# Las Vegas Algorithm

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## References

### 2013

• http://en.wikipedia.org/wiki/Las_Vegas_algorithm
• In computing, a Las Vegas algorithm is a randomized algorithm that always gives correct results; that is, it always produces the correct result or it informs about the failure. In other words, a Las Vegas algorithm does not gamble with the correctness of the result; it gambles only with the resources used for the computation. A simple example is randomized quicksort, where the pivot is chosen randomly, but the result is always sorted. The usual definition of a Las Vegas algorithm includes the restriction that the expected run time always be finite, when the expectation is carried out over the space of random information, or entropy, used in the algorithm.

Las Vegas algorithms were introduced by László Babai in 1979, in the context of the graph isomorphism problem, as a stronger version of Monte Carlo algorithms.[1][2][3] Las Vegas algorithms can be used in situations where the number of possible solutions is relatively limited, and where verifying the correctness of a candidate solution is relatively easy while actually calculating the solution is complex.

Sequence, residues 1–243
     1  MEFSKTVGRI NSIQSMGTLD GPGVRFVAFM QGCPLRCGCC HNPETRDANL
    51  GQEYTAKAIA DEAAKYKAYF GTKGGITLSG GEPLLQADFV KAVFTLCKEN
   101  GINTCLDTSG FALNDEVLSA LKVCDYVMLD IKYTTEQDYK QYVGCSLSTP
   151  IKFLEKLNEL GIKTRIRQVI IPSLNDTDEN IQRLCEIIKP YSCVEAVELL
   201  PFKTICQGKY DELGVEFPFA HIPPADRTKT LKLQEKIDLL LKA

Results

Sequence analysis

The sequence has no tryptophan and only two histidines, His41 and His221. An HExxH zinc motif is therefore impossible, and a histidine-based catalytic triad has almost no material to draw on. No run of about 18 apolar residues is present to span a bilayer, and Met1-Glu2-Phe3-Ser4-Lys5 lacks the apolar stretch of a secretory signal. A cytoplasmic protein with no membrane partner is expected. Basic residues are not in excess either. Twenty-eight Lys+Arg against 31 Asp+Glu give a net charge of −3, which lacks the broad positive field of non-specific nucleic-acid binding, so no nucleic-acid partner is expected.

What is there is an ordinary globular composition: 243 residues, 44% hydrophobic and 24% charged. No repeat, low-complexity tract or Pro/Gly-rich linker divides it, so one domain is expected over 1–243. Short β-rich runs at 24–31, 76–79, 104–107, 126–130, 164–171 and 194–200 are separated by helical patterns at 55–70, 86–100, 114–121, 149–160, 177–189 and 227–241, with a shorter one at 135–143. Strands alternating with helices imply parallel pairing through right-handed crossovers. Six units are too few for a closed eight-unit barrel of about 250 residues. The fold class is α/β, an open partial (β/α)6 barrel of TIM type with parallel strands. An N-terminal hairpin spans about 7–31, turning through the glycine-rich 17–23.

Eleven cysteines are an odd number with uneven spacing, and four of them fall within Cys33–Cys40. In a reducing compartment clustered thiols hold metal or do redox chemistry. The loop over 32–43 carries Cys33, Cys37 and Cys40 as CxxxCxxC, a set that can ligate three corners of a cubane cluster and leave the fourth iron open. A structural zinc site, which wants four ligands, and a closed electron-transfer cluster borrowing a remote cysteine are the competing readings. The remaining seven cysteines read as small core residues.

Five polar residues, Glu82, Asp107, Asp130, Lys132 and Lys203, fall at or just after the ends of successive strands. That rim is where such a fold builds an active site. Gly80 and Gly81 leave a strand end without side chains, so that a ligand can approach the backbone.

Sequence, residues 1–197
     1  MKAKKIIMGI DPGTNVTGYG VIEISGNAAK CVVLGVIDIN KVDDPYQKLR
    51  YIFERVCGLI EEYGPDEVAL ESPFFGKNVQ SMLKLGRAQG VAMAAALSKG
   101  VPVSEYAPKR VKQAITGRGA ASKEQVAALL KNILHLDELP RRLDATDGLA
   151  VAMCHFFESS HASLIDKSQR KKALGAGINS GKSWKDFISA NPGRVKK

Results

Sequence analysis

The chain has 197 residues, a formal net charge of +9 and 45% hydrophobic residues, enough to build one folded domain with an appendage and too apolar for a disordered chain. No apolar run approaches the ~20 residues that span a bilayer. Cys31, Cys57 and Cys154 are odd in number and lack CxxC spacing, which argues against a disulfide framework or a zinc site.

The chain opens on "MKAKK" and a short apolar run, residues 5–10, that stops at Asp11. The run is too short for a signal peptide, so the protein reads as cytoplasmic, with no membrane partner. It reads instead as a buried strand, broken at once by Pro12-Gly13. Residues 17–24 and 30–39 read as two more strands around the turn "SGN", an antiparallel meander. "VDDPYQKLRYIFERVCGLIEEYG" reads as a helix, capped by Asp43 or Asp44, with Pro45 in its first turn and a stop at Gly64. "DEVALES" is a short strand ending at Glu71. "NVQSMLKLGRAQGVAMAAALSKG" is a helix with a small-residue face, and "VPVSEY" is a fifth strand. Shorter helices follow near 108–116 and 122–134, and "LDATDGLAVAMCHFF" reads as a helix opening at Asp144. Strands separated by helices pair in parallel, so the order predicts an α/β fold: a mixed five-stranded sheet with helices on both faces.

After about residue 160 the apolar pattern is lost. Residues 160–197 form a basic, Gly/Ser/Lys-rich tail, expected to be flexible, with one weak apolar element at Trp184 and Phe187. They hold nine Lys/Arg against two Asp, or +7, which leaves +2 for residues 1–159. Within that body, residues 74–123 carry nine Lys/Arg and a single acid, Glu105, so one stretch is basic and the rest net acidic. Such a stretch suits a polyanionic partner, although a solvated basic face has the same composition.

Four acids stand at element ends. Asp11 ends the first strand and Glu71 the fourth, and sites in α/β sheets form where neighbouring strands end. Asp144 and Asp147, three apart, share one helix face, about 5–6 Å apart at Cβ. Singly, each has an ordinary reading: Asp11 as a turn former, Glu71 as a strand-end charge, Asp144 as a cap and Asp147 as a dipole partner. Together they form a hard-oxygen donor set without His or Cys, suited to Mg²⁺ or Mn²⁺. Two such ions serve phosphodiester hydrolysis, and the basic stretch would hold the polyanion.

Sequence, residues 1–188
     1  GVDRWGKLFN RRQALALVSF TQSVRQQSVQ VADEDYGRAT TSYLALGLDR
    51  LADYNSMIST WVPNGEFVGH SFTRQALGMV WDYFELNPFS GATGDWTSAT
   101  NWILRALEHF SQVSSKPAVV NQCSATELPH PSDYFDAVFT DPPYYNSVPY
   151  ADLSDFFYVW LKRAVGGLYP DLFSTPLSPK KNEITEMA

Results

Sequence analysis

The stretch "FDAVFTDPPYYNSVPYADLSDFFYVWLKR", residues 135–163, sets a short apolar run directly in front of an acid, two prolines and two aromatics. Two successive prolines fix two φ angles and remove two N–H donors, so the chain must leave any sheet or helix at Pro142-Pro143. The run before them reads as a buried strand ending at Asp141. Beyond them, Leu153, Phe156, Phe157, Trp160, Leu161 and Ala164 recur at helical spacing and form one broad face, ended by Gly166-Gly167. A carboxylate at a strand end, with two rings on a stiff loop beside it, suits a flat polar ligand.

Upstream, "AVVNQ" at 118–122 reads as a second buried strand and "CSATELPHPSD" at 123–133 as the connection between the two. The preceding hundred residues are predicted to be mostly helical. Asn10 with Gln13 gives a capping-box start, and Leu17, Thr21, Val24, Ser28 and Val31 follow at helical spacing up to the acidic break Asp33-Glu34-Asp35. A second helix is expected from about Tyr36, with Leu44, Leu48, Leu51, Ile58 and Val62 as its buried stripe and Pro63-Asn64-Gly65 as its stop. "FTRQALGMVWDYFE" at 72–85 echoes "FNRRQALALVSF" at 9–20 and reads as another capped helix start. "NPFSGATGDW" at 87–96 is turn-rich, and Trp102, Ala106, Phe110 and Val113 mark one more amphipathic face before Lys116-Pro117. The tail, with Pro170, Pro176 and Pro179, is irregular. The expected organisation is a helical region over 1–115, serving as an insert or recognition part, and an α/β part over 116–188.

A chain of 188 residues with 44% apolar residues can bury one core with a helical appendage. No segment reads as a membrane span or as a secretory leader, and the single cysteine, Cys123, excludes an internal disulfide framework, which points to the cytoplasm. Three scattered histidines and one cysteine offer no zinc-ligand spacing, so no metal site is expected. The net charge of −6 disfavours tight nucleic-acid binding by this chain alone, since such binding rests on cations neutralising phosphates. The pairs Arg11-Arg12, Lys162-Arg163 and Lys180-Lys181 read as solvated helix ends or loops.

1. László Babai, Monte-Carlo algorithms in graph isomorphism testing, Université de Montréal, D.M.S. No. 79-10.
2. Leonid Levin, The Tale of One-way Functions, Problems of Information Transmission, vol. 39 (2003), 92-103.
3. Dan Grundy, Concepts and Calculation in Cryptography, University of Kent, Ph.D. thesis, 2008